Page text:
Tech Digest daily round up: Facebook ‘sells Amazon rainforest illegally’


Parts of Brazil’s Amazon rainforest are being sold illegally on Facebook, the BBC has discovered. The protected areas include national forests and land reserved for indigenous peoples. Some of the plots listed via Facebook’s classified ads service are as large as 1,000 football pitches. Facebook said it was “ready to work with local authorities”, but indicated it would not take independent action of its own to halt the trade. “Our commerce policies require buyers and sellers to comply with laws and regulations,” the Californian tech firm added.

The government “has a long way to go” to achieve its aim of transforming the car market to selling only 100 per cent electric vehicles (EVs) within 15 years, and to ensure almost every car on the road is zero emissions by 2050, the UK’s public spending watchdog has warned. Assessing the government’s ambitions to decarbonise Britain’s roads, the National Audit Office (NAO) said a huge amount of work was still needed to prepare drivers and the auto market for rapid green transition and urged Ministers to draw up a detailed roadmap with clear milestones through to 2050. See full story on Business Green. 

Airbus is working on hybrid-electric propulsion among the options for reducing jetliner emissions, the European planemaker said on Friday. It disclosed the initiative in a document projecting more than a million tonnes of equivalent CO2 emissions over the life of each current-generation jet, as it became the first planemaker to report so-called “Scope 3” emissions. Until now, Airbus has mainly publicised hydrogen as the preferred energy source for future airplanes, pledging to introduce the first hydrogen-powered commercial plane in 2035. But on Friday it said it was also working on hybrid-electric alternatives. See full story on Daily Mail

China’s Huawei plans to make electric vehicles under its own brand and could launch some models this year, four sources said, as the world’s largest telecommunications equipment maker – battered by U.S. sanctions – explores a strategic shift, Huawei Technologies Co Ltd is in talks with state-owned Changan Automobile and other automakers to use their car plants to make its electric vehicles (EVs). See full story on Reuters.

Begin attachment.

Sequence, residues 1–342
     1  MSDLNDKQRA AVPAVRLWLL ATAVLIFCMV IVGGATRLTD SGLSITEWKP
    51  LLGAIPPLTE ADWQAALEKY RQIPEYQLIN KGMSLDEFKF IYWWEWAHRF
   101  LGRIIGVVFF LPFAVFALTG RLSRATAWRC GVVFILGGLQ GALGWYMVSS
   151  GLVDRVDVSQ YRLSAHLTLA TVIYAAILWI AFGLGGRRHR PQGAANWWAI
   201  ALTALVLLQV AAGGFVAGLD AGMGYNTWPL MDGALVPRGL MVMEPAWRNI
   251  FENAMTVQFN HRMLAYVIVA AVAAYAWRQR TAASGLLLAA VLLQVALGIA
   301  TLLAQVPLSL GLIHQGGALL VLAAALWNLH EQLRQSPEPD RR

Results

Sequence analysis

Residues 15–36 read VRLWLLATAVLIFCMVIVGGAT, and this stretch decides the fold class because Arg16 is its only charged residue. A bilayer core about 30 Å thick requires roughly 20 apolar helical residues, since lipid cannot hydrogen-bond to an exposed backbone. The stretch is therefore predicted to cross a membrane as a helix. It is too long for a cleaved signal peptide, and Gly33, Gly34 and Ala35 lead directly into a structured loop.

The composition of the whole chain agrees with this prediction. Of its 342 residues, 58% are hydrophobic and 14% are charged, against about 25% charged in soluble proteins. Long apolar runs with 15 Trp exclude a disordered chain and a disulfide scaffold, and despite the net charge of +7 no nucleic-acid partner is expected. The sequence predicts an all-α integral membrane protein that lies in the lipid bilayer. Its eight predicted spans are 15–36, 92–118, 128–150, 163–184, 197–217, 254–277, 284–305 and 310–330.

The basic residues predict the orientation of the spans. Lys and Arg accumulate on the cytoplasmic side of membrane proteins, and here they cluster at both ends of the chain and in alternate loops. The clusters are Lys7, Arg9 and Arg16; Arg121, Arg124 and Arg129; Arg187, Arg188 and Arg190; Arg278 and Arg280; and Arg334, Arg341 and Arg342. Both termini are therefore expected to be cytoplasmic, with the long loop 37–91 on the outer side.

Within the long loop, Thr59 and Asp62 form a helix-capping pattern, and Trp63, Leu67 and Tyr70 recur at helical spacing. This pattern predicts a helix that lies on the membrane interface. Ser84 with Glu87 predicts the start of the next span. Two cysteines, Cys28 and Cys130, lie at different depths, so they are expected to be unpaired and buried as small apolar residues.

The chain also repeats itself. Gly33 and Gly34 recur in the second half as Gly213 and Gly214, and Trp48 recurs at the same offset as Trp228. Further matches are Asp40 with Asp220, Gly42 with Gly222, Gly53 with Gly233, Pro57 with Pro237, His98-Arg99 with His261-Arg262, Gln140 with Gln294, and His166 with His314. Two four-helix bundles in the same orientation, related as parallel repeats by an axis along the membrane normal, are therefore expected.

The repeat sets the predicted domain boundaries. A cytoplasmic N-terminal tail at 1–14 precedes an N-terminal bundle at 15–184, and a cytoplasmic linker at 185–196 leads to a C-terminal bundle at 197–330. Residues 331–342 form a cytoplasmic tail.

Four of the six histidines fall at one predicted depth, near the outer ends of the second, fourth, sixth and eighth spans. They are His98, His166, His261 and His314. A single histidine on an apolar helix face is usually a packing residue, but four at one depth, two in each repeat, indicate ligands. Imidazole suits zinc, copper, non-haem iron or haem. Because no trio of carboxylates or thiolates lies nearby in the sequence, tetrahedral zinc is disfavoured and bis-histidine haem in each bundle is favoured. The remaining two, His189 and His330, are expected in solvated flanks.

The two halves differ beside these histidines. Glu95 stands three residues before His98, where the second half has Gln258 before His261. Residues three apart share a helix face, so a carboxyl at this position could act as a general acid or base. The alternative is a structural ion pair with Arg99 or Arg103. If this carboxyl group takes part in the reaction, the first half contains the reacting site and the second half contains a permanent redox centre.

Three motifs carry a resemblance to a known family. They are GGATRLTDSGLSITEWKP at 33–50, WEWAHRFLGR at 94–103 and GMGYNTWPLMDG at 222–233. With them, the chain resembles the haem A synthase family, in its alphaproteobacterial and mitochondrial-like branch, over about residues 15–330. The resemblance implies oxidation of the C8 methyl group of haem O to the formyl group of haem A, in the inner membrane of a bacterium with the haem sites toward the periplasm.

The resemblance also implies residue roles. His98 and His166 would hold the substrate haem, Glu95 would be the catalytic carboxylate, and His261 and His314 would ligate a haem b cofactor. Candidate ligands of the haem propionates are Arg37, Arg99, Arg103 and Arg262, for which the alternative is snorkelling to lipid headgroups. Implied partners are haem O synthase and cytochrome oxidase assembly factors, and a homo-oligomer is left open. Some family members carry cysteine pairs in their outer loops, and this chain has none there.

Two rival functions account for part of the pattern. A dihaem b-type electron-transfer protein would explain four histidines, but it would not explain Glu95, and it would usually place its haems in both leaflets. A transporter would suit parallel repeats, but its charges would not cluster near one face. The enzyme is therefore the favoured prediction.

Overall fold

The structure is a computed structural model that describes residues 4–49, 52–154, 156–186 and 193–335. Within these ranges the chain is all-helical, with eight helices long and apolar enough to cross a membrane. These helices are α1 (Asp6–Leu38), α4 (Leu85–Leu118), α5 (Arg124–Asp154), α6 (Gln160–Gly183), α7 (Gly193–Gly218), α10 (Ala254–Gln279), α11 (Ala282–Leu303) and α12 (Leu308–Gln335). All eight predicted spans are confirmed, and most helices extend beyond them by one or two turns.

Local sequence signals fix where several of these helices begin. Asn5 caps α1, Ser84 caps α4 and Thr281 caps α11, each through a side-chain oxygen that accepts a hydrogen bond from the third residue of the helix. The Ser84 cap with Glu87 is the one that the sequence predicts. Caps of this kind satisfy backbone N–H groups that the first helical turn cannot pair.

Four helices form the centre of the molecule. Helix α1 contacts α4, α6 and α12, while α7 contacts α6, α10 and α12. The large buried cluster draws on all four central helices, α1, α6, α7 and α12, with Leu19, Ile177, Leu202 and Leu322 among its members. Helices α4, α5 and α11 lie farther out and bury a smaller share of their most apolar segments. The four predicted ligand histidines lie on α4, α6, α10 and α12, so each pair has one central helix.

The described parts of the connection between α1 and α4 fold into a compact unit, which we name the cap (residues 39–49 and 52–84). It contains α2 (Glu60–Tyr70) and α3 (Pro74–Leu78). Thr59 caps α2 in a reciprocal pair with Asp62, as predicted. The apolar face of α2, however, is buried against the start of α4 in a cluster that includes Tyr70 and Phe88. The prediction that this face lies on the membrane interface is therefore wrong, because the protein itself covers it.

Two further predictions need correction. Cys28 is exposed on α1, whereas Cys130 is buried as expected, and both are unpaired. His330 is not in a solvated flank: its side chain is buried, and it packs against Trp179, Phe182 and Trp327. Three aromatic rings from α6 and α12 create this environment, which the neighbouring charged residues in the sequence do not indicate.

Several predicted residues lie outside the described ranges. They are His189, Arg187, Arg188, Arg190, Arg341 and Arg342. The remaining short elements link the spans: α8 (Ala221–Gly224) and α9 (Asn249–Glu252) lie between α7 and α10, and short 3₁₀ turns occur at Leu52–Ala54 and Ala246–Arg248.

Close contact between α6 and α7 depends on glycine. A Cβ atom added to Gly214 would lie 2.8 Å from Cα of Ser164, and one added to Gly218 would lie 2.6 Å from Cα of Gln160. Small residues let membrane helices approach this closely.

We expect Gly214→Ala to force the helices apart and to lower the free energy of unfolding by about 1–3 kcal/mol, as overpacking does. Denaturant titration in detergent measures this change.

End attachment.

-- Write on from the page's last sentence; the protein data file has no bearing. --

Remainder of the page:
Smartphones could be used to scan people’s eyes for early-warning signs of glaucoma – helping to prevent severe ocular diseases and blindness, a new study reveals. Scientists at the University of Birmingham have successfully carried out experiments using soundwaves and an eye model, publishing their findings in Engineering Reports. Co-author Dr. Khamis Essa, Director of the Advanced Manufacturing Group at the University of Birmingham, commented: “We discovered a relationship between the internal pressure of an object and its acoustic reflection coefficient. With further investigation into eye geometry and how this affects the interaction with soundwaves, it is possible to use a smartphone to accurately measure IOP (intraocular pressure) from the comfort of the user’s home.” See full story here:

A 10,000-kilometre-long fibre-optic cable owned by Google that is at the bottom of the Pacific Ocean can be used to detect earthquakes.  Zhongwen Zhan at the California Institute of Technology in Pasadena, California, and his colleagues, including researchers at Google, used traffic data from one of the tech giant’s optical fibres to measure changes in pressure and strain in the cable. Using this data, they could detect earthquakes and ocean swells generated by storms.
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